Four Reasons Why Nonprofits Should Reconsider Facebook
That said, people love Facebook. The vast of majority of nonprofits love Facebook too. I have been in trainings where if I even hint that perhaps Facebook is a little over-rated, then eyes glare, people shift in their seats, and I have recollections of a few people even walking out. Yet recently, I sense some frustration with Facebook from nonprofits. At a training last week with a lot of long-time Facebook Admins in the room, I saw much head-nodding and eyes rolling. I think the time has come for nonprofits to examine Facebook a little deeper.
1) Nonprofits have been advertising Facebook for free to untold millions for years, and Facebook has yet to return the favor.
Nonprofits throughout the world have sent millions upon millions of e-mails, Tweets, bulletins, updates, etc. asking their supporters to “Become a Fan!” on Facebook. They have heavily promoted Facebook on their websites and blogs, at events and conferences. Essentially, nonprofits have been advertising Facebook to untold millions for free helping it become the powerhouse that it is today – the largest, most active social networking website on the Web.
Facebook has been around six years now and is extremely profitable. It’s time for them to give back. Time for them to launch an Ad Grants Program for Nonprofits like Google Grants. I believe this so much in fact, that I started a Page called “Call to Action: Launch an Ads Grants Program for Nonprofits“. Hope you become a Fan – er “Like” it.
Not that Facebook hasn’t done anything for nonprofits. They helped launch the company Causes. They created Facebook for Good and Non-Profits on Facebook (though they don’t update them very often). They did skip last year’s holiday party and used the money for charity, launched the tech-centric Facebook Fellowship Program, and offered free advertising to a couple of nonprofits working to end cyberbulling. Alright… thanks Facebook. But for the second largest Internet company in the world with 2010 advertising profit estimates to be between $1-2 billion, is that enough?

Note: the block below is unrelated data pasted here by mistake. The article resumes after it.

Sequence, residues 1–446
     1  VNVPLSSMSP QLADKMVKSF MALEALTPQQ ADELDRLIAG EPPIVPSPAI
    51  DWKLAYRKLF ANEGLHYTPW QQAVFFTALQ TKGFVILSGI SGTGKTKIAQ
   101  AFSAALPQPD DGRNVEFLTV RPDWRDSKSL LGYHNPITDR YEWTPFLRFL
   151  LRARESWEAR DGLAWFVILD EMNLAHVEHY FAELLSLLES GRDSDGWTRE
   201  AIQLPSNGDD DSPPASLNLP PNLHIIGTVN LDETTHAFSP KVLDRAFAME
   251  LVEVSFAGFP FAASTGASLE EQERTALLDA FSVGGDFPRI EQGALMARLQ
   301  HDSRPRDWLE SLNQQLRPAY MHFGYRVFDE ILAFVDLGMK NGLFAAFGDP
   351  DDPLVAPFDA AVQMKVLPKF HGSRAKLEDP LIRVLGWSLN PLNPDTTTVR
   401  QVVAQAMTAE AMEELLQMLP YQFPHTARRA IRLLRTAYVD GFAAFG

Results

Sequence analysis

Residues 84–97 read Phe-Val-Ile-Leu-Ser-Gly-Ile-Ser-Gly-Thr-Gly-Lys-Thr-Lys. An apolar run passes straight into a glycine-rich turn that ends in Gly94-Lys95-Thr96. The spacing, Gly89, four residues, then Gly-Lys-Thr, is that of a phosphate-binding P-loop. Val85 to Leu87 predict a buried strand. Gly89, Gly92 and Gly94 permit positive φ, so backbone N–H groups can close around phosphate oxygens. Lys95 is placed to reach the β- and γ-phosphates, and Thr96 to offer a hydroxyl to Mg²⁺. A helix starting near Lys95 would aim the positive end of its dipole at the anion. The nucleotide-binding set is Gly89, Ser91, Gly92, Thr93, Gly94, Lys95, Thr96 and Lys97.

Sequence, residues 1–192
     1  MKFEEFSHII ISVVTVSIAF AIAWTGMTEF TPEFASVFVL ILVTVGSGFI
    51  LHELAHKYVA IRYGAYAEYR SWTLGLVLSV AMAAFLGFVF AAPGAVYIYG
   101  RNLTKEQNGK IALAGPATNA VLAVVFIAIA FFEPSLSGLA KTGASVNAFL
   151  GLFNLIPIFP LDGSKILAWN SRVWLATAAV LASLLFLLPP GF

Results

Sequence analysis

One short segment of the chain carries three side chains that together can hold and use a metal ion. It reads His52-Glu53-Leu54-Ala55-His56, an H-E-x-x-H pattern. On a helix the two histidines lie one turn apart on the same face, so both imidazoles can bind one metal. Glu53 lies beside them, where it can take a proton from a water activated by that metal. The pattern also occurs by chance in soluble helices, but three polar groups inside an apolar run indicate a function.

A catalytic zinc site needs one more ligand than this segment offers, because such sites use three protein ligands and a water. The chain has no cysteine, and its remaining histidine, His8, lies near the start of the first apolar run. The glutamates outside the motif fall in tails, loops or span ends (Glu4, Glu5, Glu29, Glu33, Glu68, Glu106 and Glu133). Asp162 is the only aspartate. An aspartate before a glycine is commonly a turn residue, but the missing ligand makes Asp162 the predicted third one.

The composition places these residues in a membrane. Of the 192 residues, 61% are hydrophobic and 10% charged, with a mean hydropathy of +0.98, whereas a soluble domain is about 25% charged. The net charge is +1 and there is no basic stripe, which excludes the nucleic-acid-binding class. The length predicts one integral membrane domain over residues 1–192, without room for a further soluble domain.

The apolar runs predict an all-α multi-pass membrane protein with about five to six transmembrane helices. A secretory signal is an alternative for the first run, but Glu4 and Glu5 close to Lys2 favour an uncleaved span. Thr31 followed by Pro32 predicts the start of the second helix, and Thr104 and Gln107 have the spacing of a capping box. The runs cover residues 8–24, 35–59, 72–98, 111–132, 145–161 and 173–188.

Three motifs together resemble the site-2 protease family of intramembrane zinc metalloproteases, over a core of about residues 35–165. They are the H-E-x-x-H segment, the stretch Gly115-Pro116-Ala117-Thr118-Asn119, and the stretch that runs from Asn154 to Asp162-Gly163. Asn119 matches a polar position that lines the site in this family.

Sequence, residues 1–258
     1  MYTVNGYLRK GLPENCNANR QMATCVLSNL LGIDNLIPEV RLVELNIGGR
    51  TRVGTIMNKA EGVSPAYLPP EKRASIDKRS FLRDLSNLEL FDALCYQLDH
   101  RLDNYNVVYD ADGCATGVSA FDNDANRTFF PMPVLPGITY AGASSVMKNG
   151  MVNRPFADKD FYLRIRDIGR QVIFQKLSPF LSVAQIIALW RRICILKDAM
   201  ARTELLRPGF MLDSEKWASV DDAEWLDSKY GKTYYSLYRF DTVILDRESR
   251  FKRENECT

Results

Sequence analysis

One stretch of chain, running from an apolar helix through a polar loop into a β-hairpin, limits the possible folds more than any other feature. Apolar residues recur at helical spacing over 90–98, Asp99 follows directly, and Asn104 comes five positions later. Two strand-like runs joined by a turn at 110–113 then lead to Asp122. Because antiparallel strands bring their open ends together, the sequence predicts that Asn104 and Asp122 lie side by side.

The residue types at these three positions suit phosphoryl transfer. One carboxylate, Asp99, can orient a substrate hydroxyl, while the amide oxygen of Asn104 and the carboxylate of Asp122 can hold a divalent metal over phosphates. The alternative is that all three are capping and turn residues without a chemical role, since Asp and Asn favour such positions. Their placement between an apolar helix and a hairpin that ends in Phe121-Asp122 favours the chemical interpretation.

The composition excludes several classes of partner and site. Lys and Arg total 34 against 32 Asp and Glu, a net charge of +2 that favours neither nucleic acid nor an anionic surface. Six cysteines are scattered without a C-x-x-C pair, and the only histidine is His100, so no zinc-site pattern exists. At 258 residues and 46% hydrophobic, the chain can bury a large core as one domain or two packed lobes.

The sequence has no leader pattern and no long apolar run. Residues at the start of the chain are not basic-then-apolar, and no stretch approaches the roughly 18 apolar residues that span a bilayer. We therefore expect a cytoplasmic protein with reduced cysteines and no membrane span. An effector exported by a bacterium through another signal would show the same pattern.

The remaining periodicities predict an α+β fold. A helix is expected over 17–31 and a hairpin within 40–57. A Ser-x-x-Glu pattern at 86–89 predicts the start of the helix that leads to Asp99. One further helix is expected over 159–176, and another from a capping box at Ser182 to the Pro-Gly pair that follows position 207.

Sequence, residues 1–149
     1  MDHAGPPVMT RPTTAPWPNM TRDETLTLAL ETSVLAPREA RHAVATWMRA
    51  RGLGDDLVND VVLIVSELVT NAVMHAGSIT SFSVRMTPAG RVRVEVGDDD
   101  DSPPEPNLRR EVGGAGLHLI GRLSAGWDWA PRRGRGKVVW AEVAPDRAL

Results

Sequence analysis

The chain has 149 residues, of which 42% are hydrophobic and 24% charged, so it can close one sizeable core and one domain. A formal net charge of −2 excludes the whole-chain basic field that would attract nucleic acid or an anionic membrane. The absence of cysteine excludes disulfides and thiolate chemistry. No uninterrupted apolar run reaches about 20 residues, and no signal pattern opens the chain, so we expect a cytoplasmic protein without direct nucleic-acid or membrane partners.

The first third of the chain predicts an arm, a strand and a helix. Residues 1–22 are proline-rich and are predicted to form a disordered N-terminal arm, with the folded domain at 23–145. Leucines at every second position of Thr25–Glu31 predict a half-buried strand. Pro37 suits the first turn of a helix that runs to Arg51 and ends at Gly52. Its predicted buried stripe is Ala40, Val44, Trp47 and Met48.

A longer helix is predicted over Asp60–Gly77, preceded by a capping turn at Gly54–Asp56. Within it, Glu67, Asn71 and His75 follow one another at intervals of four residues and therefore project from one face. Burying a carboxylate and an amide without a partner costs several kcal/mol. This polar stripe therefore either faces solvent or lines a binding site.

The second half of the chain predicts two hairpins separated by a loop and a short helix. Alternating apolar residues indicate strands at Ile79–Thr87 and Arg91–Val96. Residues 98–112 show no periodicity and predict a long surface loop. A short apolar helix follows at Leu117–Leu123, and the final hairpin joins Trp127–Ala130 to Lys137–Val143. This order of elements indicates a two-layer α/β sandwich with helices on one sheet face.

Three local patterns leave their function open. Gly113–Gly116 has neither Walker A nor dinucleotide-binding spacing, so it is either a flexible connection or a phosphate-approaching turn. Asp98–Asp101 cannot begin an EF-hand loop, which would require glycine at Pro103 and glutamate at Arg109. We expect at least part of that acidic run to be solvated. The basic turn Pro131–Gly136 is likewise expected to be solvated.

2) Nonprofits are consistently kept in the dark and left guessing when it comes to Facebook upgrades and changes in the toolset.
Facebook would do well to follow the lead of Twitter, MySpace and YouTube. Those sites let users know in advance when big changes are coming. Facebook tends to leak information that only keeps bloggers and nonprofits guessing and confused. We’re building nonprofits, businesses, and brands around our Facebook communities, and yet every couple of months we wake up to new changes (made primarily to benefit Facebook’s revenue model) that we have to figure out for ourselves and scramble around. Enough with the mystery Facebook! Time to start thinking of nonprofits as your partners in your mission “to give people the power to share and make the world more open and connected”.
The latest change was Facebook Fan Pages becoming “Official Pages”. Now instead of supporters “Becoming a Fan!” they “Like” a Page. A lot of nonprofits will now have to update their website, e-mail newsletters, and most costly, their print materials. Why did Facebook do this? As Beth Kanter explains very well, it’s about their long-term revenue model.
3) Facebook ROI is often overrated.
At the beginning of each of my webinars, I ask attendees where they first heard about the webinar. The answers are always the same: 1) From this blog. 2) From my e-mail newsletter. 3) From a friend or colleague. 4) Twitter 5) LinkedIn 6) Facebook. Personally, my ROI (Return on Investment) from Facebook isn’t that great. It’s somewhere between good and OK.
Those with big name recognition do well on Facebook, but mostly because they have websites, blogs, and large e-mail newsletter lists where they can promote (er advertise) their Facebook Page. Small nonprofits just do not go viral on Facebook. They have to promote the Page like crazy just to reach 1,000 fans.
Not that I think that small and medium-sized nonprofits should abandon Facebook. They absolutely should have an “Official” Facebook Page (don’t go near “Community Pages“). After the Page is set up it takes very little time to manage. Posting 3-5 Status Updates a week is not that time consuming. There is ROI, but it is often overrated. All the major case studies are about large national and international organizations, and their success on Facebook has a lot to do with their brand being well known. Small nonprofits just can not duplicate that success, so in many cases they inevitably get disappointed. It is very important to have realistic expectations about Facebook and what it can do for your nonprofit.